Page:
Maddie Stone

Bad Binder: Finding an Android In The Wild 0day

This talk will discuss my process for hunting, finding, exploiting, and reporting CVE-2019-2215, a local privilege escalation vulnerability in the Android kernel that was used in an in-the-wild exploit. Read more...

Alexander Popov

Exploiting a Linux Kernel Vulnerability in the V4L2 Subsystem

This talk is about exploiting CVE-2019-18683 in the Linux kernel for a local privilege escalation. Read more...

Martijn Bogaard

Grab those keyz and learn somebodies darkest secrets!

With almost everybody having a smartphone nowadays that is used to record and share pretty much every detail of our lives, who ever wonders* how secure your data actually is? And how is it possible you can unlock your phone by holding it in front of your face? Read more...

Netanel Ben-Simon and Yoav Alon

Bugs on the Windshield: Fuzzing the Windows Kernel

This talk will share our new approach for coverage-guided grammar fuzzing the Windows Kernel, and enhancements to the known approaches for fuzzing Windows Applications, triaging the bugs from the vulnerabilities, and being acknowledged in the MSRC Top 100. Read more...

Shahar Tal

Modern Phone Forensics 101

During this session, I will give a quick review of modern-day mobile phone forensic extraction technology, and discuss the forces shaping this domain, as well as cover the dramatic changes overturning the industry in recent years. Read more...

b1ack0wl

Don't forget to SUBSCRIBE.

This talk is about how an unauthenticated heap-based buffer overflow vulnerability was discovered and exploited within a router distributed by a market-leading ISP. Despite the targeted process utilizing mitigations such as DEP and ASLR, it still fell prey after spending weeks finding all of the required primitives. This talk will go over the thought processes, failures, and road-blocks that were encountered and how they were overcame. The techniques developed in this talk are not tied down to just one specific application||library. Read more...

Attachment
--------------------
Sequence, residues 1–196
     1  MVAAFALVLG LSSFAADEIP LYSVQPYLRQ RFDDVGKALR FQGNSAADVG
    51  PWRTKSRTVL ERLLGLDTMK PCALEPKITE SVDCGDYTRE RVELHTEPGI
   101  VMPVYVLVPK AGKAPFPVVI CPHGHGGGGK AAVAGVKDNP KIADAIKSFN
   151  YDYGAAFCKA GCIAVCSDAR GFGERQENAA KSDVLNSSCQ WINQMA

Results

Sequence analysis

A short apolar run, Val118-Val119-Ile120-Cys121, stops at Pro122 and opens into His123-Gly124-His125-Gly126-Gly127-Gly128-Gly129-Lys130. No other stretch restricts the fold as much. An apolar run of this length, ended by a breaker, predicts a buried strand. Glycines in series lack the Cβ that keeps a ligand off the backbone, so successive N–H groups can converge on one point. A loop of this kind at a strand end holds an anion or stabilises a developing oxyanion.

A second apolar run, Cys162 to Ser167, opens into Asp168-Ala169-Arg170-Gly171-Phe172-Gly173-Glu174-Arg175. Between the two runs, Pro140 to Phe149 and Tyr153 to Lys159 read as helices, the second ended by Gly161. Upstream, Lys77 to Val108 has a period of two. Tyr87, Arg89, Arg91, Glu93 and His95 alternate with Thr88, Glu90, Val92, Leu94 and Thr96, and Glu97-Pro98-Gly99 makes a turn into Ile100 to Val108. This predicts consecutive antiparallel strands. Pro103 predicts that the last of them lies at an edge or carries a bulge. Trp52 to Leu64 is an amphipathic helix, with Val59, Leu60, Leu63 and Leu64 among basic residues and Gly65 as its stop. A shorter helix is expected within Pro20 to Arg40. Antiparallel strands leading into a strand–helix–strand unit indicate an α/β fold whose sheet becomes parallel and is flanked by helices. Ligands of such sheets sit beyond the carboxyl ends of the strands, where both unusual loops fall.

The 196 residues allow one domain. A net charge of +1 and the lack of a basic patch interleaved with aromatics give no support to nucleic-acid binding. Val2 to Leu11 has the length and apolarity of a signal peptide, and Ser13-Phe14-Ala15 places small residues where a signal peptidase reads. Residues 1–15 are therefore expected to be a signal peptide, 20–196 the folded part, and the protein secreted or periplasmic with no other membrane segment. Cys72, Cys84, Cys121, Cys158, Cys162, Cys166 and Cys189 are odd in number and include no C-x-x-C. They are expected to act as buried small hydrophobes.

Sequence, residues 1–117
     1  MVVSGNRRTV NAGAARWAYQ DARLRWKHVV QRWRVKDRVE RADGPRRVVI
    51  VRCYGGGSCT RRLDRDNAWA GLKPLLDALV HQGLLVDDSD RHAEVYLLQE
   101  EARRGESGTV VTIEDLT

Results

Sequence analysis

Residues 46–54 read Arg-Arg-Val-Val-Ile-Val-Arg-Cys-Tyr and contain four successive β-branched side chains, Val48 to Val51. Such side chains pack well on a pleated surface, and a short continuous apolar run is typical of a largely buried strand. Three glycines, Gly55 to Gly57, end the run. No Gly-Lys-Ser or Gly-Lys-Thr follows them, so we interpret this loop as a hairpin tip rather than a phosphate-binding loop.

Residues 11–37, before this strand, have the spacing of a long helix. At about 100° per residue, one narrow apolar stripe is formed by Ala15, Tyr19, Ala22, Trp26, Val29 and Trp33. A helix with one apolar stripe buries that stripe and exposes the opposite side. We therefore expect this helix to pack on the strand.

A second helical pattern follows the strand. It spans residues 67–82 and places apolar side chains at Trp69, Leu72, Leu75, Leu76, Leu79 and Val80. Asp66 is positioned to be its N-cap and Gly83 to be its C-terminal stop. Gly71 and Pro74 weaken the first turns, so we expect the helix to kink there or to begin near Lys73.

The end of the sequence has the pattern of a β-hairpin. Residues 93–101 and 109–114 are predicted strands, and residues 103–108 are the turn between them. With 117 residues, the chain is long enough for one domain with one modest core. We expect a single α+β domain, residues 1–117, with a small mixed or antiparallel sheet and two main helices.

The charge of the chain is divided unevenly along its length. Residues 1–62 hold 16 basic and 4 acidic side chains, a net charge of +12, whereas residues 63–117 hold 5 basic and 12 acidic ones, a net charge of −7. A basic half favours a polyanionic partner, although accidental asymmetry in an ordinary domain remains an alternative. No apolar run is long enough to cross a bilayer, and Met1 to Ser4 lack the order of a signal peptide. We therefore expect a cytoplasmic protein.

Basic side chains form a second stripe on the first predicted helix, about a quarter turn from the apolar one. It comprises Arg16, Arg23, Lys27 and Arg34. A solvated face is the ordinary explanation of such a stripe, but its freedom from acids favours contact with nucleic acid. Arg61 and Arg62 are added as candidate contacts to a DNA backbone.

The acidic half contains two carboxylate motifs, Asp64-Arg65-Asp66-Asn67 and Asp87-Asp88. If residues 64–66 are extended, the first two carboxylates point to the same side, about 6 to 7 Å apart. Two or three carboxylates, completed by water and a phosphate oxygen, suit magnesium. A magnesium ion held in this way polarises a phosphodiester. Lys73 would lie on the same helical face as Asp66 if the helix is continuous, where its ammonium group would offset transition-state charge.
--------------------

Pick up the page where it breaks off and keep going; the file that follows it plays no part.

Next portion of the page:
Cedric Halbronn

How CVE-2018-8611 can be exploited to achieve privilege escalation on Windows 10 1809 (RS5) and earlier

This talk will discuss how CVE-2018-8611 can be exploited to achieve privilege escalation on Windows 10 1809 (RS5) and earlier. This research was done without getting a chance to analyze the in-the-wild 0day exploit that lead to the bug being patched by Microsoft, but rather by patch diffing and following some minimal public information as a starting point. The following steps will be detailed: race condition -> use-after-free -> memory disclosure -> increment primitive -> arbitrary read -> arbitrary write -> privilege escalation Read more...

oct0xor

Hacking Sony PlayStation Blu-ray Drives

Xbox 360 video game console had a number of widely known hacks for firmware of its optical disc drives. However, it was never the case with Blu-ray disc drives of Sony PlayStation video game consoles. In fact, up until recently there was no much information available on this subject publicly. In this presentation, I would like to share my journey of delving deep into internals and security of Sony PlayStation Blu-ray disc drives. Read more...

Alexander Ermolov

Untrusted Roots: exploiting vulnerabilities in Intel ACMs

This talk will be all about security analysis of all known types of ACMs and how to exploit vulnerabilities in them (keeping in mind that they are sometimes encrypted and running only from L3 cache). Read more...